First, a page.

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The Tale of the Apprentice #9

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Tarranau sat up in the chair, looking intently out of the window. Perhaps he could use that storied reticence to his advantage. He was not technically ejected from the school yet, and while his name was certainly having doubt cast upon it, there was no formal injunction against him, nor would there be until after the trial, when he had been proven to be either good or a failed apprentice. That meant that while the day lasted, he was still able to cash in on the name of the academy, and it would help him in more respects than one. The first was simple, and it was monetary. Tarranau was not a wealthy boy, nor did he come from a wealthy family, and that meant that the trip towards Arnich was sure to cost him a fair amount of his savings, and a fair bit more if he was unable to receive the cost allowances that were tolerated by all ships who deigned to land in the harbour. Even those ships that did not carry a ship's mage on a permanent basis had enough good sense to give the benefit, for it cost them little in the long run, with few of the water mages travelling outside of being hired by a merchant vessel, and earned them a lack of enmity from the largest trading city and fleet, something of no small measure.

The more funds that Tarranau had when he arrived at the far end of his journey, the more opportunities he could create for himself, and that mattered in no small way to the apprentice. The second way was that he could use the prestige of the academy to secure himself a birth if he approached in full robes and in broad daylight, although there might be some wonder as to where he was going with so many things. However, he would not be questioned too greatly, and would be able to secure passage much more easily. Tarranau would have to ship out on the first merchant sailor to leave for Arnich, even if it carried a ship's mage, especially if it carried a ship's mage. How odd would it look for him to turn down a ship that had a member of his guild on it in favour of one that did not. He resolved to gather and clean himself and to head down to the docks at the first opportunity in order to take advantage of this proposition that lay before him.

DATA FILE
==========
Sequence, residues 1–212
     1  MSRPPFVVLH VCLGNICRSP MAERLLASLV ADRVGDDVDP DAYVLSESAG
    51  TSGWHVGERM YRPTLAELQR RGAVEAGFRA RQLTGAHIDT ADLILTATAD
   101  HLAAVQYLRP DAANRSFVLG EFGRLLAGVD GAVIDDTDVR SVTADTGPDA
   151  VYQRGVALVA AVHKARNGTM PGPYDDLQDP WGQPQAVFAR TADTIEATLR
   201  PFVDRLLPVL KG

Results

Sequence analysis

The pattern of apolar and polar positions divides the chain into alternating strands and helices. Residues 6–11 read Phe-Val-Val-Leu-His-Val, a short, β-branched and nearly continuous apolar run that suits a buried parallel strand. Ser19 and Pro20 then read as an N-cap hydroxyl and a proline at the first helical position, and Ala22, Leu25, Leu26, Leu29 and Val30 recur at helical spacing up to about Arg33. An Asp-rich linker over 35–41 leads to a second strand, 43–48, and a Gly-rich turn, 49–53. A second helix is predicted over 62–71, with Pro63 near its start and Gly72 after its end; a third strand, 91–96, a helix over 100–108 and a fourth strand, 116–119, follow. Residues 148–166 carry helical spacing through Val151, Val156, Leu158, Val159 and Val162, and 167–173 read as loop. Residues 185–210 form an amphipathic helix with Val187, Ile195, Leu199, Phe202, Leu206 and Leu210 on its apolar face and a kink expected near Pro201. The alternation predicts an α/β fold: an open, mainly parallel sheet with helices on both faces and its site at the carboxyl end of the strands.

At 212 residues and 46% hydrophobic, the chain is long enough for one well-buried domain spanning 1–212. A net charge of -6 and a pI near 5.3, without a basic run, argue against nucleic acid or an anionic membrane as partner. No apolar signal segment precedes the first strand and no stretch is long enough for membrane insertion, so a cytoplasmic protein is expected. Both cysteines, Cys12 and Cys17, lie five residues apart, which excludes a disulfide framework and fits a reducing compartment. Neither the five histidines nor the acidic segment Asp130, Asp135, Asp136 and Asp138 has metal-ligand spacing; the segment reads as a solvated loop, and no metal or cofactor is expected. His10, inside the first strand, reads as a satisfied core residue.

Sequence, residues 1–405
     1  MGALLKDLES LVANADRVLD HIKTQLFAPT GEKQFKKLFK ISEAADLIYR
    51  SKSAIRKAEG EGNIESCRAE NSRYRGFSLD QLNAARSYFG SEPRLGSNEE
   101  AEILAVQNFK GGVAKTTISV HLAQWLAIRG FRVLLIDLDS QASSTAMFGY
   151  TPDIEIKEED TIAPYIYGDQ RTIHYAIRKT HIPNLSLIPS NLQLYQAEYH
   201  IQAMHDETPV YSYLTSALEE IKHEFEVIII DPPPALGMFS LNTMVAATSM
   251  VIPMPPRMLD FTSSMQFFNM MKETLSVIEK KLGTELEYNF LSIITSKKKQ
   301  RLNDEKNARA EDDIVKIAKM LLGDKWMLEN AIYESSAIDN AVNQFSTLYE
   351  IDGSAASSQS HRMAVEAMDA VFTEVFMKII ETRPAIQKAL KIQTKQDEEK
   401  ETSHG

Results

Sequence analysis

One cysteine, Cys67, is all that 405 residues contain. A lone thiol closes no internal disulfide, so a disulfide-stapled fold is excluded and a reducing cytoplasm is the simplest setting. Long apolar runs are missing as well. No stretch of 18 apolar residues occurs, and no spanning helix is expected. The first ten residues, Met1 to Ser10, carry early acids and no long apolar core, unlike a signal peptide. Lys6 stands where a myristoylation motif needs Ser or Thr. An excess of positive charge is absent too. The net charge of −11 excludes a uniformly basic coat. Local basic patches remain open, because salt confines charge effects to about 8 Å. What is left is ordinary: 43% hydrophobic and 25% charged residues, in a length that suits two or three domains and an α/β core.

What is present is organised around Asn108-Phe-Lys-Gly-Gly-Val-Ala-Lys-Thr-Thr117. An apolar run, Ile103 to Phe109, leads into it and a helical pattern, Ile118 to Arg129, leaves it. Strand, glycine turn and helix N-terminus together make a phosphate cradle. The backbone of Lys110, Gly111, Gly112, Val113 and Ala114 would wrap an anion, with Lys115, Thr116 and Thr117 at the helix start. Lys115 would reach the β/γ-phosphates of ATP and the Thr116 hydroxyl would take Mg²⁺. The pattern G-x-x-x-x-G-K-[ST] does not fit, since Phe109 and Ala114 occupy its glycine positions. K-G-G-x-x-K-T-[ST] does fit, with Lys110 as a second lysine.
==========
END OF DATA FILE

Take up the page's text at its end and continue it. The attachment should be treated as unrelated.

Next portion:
The third reason the apprentice felt likely to succeed was that the discretion of the school would outweigh the need to bring formal closure to the event of his discrediting. Should he manage to slip away, it was entirely possible that Magister Gothren could be prevailed upon by the other teachers who were less inclined to see fault in a student who had been perfectly acceptable in their classes, and who had been through a fair bit of bluster from the good teacher, that they would allow Tarranau to leave in peace, as long as he made no pretence of being a water mage anywhere that they could see. After all, if they saw no violation of the school's rules, there would be no need to try and enforce anything with regards to that, and Tarranau could leave in peace, as long as he made himself out to be nothing more than he was, at least under the watchful eye of the ship's mage who would likely be there during the crossing.

Rejuvenated much more than the few paltry hours of sleep that he had had would suggest, the apprentice stripped down, washing himself fully from head to foot in order to present the appearance of being a full and upstanding member of society. Tarranau was certainly that in his own eyes, and he was still adamant that he had done nothing wrong, but he also knew that to appear at the trial and protest his innocence with at least Gothren and several of his students declaiming him as a thief would be to command the tide to stop its steady progression. Also, even Magister Holbenth would be forced to say that the amulet had been found in Tarranau's room, and well hidden in a place that would likely not be looked at. Framed or not, the evidence against him was such that he was better off leaving to find a new home, and if that meant that he was unable to stand trial and let his sense of self be battered and bruised for however long, then so be it. He was quite happy to escape with his sense of self well fed and quite unharmed by the ravagings of a dreadful teacher. Sliding back into his robes, clean but slightly damp from a scrubbing to make them appear their best, Tarranau took a sip of water, and headed out the door, a long and steady stride taking him towards the docks, a route he had skulked along last night to little avail. Today he would stride out in full view of the school, and the result would be all the better for it.